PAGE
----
The head-withdrawal threshold to heat or cold stimulation of the tongue in whisker pad Glu-injected rats and heat stimulation of the whisker pad skin in tongue Glu-injected rats were also measured (n = 5 in each group).

Although we injected the very small amount of Glu into the whisker pad or tongue, we cannot rule out the possibility of Glu entering in other body areas through the systemic circulation.

pERK immunohistochemistry

To determine the time course and peak time of ERK phosphorylation, rats were anesthetized with sodium pentobarbital (50 mg/kg, i.p., Kyoritsu Seiyaku, Tokyo, Japan) and were perfused through the aorta with saline (500 ml) followed by 4% paraformaldehyde (Wako, Osaka, Japan) in 0.1 M phosphate buffer (PB, pH 7.4, 500 ml) at 1, 5 or 10 min after 0.5 M Glu was injected into the whisker pad skin with a fine needle (n = 5 in each time point). The Vc-C2 area was removed and post-fixed in 4% paraformaldehyde for 1 day at 4°C. The tissues were then transferred to 20% sucrose (Wako) in saline for overnight for cryoprotection. Thirty μm thick sections were cut with a freezing microtome (Leica Microsystems Japan, Tokyo, Japan). Every 4th section was collected in phosphate-buffered saline (PBS, pH 7.4). Free-floating tissue sections were dipped in 10% normal goat serum (NGS, Millipore, Billerica, MA) in PBS for 12 hours at 4°C, and then incubated in rabbit anti-Phospho-p44/42 MAP Kinase (Thr202/Tyr204) antibody (1 : 1000, Cell Signaling, Danvers, MA) for 72 hours at 4°C. Next, the sections were incubated in biotinylated goat anti-rabbit IgG (1 : 600; Vector Laboratories, Burlingame, CA) for 2 hours at room temperature. After washing in PBS, the sections were incubated in peroxidase-conjugated avidin-biotin complex (1 : 100; Vector Laboratories) for 2 hours at room temperature. They were then washed in 0.05 M tris buffer (TB, pH 7.4), and dipped in 0.035% 3,3'-diaminobenzidine-tetra HCl (Sigma-Aldrich), 0.2% nickel ammonium sulfate (Wako) and 0.05% hydrogen peroxide in 0.05 M TB. The sections were then washed in PBS, and serially mounted on gelatin-coated slides. The slides were dipped in a series from 50 to 100% alcohols after dehydrated and then cover slipped.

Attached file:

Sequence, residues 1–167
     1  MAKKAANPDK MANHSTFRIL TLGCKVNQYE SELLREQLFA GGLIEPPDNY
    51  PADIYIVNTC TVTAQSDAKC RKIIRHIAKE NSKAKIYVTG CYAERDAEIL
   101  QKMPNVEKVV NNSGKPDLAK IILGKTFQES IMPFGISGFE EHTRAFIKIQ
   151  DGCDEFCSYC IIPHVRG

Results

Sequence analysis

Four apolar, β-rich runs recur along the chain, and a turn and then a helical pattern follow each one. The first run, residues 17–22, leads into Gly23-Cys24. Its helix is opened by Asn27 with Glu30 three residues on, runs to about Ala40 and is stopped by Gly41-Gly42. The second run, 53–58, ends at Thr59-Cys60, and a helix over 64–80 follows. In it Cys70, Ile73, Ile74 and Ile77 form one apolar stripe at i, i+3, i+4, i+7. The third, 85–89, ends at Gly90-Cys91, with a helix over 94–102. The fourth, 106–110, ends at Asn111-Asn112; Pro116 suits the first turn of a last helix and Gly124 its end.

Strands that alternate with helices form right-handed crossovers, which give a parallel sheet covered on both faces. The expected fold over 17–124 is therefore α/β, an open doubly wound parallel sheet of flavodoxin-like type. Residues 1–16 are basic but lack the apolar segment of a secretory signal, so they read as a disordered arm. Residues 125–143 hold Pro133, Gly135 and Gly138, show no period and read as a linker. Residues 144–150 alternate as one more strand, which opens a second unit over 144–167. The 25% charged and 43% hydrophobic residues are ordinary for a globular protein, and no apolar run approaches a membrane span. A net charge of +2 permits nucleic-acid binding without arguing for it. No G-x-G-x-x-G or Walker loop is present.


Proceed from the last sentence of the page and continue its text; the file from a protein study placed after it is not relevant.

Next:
Next, in order to evaluate the expression of pERK-IR neurons following thermal stimulation, at 5 min after 0.1 M or 0.5 M Glu or vehicle was injected into the whisker pad skin or the tongue, heat (50°C, duration: 60 sec, interval: 10 sec, train: 5) or cold (5°C, duration: 60 sec, interval: 10 sec, train: 5) stimulation was applied to the whisker pad skin or the tongue at the site of Glu or vehicle injection through a contact thermal probe (n = 5 in each group). Five min after stimulation, rats were perfused and pERK immunohistochemistry was carried out, as described above. To study the effect of Glu injection on pERK-IR cell expression, rats were also perfused 5 min after Glu or vehicle injection into the whisker pad skin and tongue, and Vc and C1-C2 sections were processed for pERK immunohistochemistry (n = 5 in each group).

The pERK-IR neurons were counted by Neurolucida Explorer (MicroBrightField, Williston, VT). Every 720 μm sections and 2 sections before and after 720 μm were collected and the mean number of pERK-IR neurons from these 3 sections was neurons calculated, and the graphs of rostro-caudal distribution of pERK-IR neurons were prepared. The mean number of pERK-IR neurons in all the sections (27 sections/rat) was also calculated for each animal and the mean number of pERK-IR neurons in each group was compared.